This digital archive includes the copies of rock paintings made by polymath George Stow in the mid 19th century, as well as a selection of his field notebooks, letters and maps.

George Stow was an Englishman who relocated to the turbulent Eastern Cape in the early 1840s. He became interested in many aspects of South African history and landscape, undertaking extensive geological surveys, taking up various posts, publishing poetry, and researching and writing an extensive history of the ‘Native Races’ of southern Africa. He made several hundred copies of rock paintings, trekking thousands of miles across the countryside and interviewing San wherever he could on the meanings and use of the art. Today his copies are amongst the loveliest records of paintings, revealing as much about the rock art itself as about Stow and the ideas he had about them.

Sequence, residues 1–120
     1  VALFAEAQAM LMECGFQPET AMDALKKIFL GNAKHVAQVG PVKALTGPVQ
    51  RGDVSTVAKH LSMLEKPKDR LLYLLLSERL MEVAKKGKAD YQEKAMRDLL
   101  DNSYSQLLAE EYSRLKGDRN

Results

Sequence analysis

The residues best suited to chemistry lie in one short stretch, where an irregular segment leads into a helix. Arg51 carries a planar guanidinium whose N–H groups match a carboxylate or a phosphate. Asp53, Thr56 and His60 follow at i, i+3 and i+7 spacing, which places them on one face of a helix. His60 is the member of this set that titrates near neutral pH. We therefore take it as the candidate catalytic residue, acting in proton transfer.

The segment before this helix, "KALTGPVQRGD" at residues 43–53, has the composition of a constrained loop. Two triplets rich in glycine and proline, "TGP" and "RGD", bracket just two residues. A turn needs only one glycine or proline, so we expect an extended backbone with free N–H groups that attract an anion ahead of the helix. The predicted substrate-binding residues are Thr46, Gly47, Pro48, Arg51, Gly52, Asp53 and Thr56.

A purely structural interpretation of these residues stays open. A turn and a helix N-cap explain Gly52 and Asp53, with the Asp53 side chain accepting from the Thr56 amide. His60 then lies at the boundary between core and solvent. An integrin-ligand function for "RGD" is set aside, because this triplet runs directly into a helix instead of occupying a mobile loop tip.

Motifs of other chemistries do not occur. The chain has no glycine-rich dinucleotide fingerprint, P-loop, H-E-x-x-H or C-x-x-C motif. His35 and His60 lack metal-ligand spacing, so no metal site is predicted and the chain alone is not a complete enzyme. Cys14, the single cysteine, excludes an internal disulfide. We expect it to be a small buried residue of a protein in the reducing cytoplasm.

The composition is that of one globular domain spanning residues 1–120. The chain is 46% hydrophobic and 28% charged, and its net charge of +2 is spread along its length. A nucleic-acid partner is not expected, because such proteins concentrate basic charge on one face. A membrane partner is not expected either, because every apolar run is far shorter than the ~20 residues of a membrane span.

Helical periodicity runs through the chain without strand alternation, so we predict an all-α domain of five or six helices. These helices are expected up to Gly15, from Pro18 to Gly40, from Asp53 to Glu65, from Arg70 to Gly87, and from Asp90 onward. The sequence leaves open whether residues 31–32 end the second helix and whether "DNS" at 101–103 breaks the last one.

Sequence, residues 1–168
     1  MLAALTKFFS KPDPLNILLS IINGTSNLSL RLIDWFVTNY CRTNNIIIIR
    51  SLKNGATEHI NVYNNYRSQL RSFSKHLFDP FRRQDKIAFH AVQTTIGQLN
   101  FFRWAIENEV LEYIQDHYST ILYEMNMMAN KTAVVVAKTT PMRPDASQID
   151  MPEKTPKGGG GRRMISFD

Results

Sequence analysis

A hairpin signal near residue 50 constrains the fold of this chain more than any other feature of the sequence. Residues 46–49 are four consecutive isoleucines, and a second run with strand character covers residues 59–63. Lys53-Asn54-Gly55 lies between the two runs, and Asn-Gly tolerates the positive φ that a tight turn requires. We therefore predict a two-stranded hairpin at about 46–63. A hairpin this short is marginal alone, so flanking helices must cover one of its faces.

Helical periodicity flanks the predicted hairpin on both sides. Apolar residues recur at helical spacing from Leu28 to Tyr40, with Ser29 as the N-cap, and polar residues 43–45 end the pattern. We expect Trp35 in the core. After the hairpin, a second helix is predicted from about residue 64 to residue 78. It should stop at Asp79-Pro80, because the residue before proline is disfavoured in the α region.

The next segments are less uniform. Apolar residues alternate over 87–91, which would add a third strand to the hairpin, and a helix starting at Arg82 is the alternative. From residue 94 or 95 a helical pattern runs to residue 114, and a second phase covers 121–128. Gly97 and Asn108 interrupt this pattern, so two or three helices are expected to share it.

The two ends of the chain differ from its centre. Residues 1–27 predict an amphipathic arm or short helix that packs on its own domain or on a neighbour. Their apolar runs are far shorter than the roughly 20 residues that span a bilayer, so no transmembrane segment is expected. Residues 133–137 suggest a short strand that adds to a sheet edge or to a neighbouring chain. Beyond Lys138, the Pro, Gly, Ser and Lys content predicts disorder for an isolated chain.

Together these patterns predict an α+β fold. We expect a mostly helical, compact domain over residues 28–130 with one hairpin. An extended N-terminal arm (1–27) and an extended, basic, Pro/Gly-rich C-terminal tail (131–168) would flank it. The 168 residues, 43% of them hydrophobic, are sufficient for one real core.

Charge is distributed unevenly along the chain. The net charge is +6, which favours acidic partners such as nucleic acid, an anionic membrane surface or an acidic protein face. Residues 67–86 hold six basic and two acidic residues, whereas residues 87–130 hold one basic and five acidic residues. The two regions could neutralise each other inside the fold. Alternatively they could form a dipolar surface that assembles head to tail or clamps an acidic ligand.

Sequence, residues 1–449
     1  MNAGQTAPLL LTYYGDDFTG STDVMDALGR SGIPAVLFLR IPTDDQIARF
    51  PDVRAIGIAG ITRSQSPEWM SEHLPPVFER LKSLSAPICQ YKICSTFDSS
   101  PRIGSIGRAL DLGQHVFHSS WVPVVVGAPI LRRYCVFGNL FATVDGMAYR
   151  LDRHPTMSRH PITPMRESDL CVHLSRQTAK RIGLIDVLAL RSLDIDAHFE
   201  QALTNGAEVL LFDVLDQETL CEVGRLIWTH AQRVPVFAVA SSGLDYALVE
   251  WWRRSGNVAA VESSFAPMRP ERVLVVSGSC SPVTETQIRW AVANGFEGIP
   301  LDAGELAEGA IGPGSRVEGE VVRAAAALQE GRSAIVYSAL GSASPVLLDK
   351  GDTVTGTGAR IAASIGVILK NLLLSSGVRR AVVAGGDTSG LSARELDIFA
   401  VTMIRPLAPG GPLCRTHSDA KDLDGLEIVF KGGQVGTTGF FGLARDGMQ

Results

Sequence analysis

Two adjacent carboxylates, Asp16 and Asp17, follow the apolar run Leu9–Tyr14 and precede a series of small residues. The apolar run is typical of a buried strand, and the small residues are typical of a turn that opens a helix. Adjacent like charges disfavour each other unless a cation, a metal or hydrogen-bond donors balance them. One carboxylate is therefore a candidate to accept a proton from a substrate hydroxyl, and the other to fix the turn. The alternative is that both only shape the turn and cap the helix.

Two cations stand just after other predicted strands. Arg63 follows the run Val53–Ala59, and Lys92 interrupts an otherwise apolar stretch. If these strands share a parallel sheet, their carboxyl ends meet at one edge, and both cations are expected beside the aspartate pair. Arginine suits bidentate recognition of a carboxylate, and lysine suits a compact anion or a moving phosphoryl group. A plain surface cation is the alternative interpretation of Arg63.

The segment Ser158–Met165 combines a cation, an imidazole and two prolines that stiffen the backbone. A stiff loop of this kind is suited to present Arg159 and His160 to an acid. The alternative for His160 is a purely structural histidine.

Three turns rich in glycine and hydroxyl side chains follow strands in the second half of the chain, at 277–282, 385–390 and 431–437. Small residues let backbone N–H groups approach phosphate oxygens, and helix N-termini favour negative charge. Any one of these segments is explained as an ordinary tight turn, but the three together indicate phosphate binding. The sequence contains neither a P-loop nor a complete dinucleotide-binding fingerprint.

George Stow’s archive, housed mainly at the National Library of South Africa, Iziko South African Museum, the McGregor Museum and the University of Cape Town, includes astonishing collections of detailed maps, field notebooks, letters, drawings, manuscripts and painted copies of rock paintings and engravings. The digital archive includes selections of the maps, notes and letters, and all the extant rock art copies.